We’re reading THE MONSTER’S LAMENT by Robert Edric

16 May

What’s the difference between a magician and a crook? Liz Sourbut looks for answers in a novel of London’s underworld


The Monster’s Lament
Robert Edric
Doubleday, HB £17.99

In a London staggering towards the end of World War Two, a group of interconnected characters pursue a series of unrealistic dreams. Robert Edric’s novels often focus on the underbelly of life – gangsters, prostitutes, low-lifes of various kinds – and The Monster’s Lament is no exception. In this, the third of his ‘occult’ novels, the central character is an ageing and increasingly desperate Aleister Crowley, magician and self-proclaimed Antichrist, now ill and living in squalor, but still working towards one last shot at immortality. His magick requires knowing the exact time of a man’s death, and in condemned murderer Peter Tait, awaiting hanging in Pentonville Prison, he believes he has found exactly what he needs.

Edric has brought the streets of wartime London expertly to life. The milieu is entirely convincing and the characters are solid, vulnerable flesh and blood as they trudge around the rubble-heaps, scanning the skies for rockets and trying to figure out how to stay one step ahead, or at least not to fall too far behind in their struggle with the forces shaping their lives.

Crowley has used his influence over gangland boss Tommy Fowler to send Tait a small bible, imprinted with invisible incantations, as part of his immortality ritual. The boy himself, only 19 years old, isn’t sure if he fired the fatal bullet or not because he was knocked unconscious during the crime, but he thinks he’s innocent. He seems the least tortured person in the whole book as he sits in his cell, reading this bible, and waiting calmly for death.

As Tait sits and reads, infuriating his sympathetic gaoler with his passivity, everyone else in the book twists and turns: minor hoodlums try to free themselves from Tommy Fowler; Detective Pye tries to link Tait and the shooting with Fowler; Crowley himself clings to life as he awaits the apparently inevitable moment of Tait’s hanging. And everybody hopes they can dodge the last few bombs still falling on London as the war draws to its close. The thought of dying now, so close to the end, haunts everyone. Perhaps, amidst all this chaos, it’s reassuring for Tait to know the exact manner and moment of his death. It’s this certainty that Crowley needs for his ritual. He has pointed out how rare it is for anyone to have such knowledge; and in the course of the novel, death comes very unexpectedly to some.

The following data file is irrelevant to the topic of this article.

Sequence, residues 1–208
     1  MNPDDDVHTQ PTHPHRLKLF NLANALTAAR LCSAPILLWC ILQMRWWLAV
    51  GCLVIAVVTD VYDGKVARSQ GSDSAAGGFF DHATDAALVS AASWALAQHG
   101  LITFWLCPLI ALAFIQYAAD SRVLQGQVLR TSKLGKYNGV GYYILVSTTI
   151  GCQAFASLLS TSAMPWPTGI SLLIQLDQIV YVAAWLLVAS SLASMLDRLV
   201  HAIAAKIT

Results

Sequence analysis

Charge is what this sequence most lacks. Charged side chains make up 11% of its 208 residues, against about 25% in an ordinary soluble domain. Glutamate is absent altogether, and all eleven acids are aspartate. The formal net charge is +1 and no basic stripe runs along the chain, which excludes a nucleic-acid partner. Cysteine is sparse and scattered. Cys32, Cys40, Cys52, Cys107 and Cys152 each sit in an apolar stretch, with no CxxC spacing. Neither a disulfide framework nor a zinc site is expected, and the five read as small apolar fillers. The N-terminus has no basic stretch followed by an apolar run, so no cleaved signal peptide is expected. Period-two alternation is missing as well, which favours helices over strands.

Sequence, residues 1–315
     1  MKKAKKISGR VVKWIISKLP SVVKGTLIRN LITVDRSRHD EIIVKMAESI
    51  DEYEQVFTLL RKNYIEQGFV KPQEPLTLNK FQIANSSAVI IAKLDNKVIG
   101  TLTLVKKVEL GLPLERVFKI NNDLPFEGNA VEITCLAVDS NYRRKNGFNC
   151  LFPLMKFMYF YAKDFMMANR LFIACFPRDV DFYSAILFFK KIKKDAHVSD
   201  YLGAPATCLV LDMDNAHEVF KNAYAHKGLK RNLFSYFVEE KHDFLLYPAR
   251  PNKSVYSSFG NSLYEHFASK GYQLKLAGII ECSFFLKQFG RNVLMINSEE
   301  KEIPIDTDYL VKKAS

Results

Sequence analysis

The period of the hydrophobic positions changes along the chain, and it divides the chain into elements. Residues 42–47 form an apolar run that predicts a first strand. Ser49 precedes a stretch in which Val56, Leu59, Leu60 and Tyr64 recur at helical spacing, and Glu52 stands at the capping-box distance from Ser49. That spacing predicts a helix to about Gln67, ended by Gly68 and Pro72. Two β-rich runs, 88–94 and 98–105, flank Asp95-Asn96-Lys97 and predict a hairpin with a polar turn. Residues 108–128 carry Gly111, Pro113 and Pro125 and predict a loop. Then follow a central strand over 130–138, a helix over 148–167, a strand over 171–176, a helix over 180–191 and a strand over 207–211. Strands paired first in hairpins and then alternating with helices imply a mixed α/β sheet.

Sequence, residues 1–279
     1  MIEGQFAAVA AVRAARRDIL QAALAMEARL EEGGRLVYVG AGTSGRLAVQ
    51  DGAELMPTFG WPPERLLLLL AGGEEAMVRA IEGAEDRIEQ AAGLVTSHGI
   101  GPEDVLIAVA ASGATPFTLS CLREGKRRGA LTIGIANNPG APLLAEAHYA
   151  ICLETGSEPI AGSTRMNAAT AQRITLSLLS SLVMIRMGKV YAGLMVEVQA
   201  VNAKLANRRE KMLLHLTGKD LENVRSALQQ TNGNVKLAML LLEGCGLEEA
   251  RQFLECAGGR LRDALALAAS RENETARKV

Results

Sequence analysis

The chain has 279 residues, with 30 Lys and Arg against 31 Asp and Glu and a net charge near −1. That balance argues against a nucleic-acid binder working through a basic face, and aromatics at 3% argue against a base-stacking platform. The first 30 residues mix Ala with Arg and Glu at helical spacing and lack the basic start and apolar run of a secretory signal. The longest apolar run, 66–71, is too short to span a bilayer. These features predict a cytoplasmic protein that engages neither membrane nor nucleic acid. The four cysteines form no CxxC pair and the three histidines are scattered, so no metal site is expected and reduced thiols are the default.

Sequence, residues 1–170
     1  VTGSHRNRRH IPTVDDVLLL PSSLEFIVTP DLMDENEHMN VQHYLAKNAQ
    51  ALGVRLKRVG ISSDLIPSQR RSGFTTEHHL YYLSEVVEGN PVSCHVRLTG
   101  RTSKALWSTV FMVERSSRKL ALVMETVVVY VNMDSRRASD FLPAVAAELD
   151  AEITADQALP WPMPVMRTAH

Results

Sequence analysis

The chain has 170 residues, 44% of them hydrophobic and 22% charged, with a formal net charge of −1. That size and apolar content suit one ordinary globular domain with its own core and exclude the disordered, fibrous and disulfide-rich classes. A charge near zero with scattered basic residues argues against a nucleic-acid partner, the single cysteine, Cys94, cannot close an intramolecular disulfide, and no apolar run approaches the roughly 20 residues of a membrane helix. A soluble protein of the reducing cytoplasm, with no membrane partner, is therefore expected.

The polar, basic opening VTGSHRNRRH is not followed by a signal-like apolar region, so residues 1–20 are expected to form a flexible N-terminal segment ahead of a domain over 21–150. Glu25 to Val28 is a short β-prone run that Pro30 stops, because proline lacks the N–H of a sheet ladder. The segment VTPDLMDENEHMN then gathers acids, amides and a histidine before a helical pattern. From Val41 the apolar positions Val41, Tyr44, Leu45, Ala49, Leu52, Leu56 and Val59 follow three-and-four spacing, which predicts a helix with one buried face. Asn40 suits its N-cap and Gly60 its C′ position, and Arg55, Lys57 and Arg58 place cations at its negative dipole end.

Is Crowley the monster of the title? Many of the other characters could vie with him: Tommy Fowler the gangster, ruling the lives of his employees through fear and killing those who cross him; Frankie Doll, his messenger boy, who cares for no-one but himself; not to mention Hitler, hiding in a bunker somewhere in Germany and still sending over the bombers to kill civilians at random.

The occult is certainly a theme, though not perhaps the dominant one. The mystic Veronica makes her living pretending to channel messages from dead loved ones for the multitude of bereaved Londoners, while Crowley can only bore those around him with endless tales of the ritualistic debaucheries he used to enjoy in his prime. Now there’s not much he can do, although he tries his best with working girl Ruby Nolan, who wants the notoriety of having been associated with him.

It is much more a book about death. In a world where millions of innocents have been slaughtered, Peter Tait has been caught, tried, found guilty and sentenced to hang for the murder of one man. It seems to be less important that the right man has been sentenced than that justice is seen to be done. Sometimes, amidst the rubble-strewn streets of this dark and dingy London, it seems as though the devil has consumed us all. Not a book to read before bedtime.

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